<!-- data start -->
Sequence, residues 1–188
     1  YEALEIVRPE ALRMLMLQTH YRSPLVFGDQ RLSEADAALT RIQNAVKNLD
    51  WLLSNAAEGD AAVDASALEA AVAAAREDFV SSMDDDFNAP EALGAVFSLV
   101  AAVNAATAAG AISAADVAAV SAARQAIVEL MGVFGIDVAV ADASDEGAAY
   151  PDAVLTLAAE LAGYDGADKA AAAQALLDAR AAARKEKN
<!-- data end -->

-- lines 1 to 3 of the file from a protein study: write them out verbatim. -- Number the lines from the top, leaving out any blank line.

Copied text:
Sequence, residues 1–188
     1  YEALEIVRPE ALRMLMLQTH YRSPLVFGDQ RLSEADAALT RIQNAVKNLD
    51  WLLSNAAEGD AAVDASALEA AVAAAREDFV SSMDDDFNAP EALGAVFSLV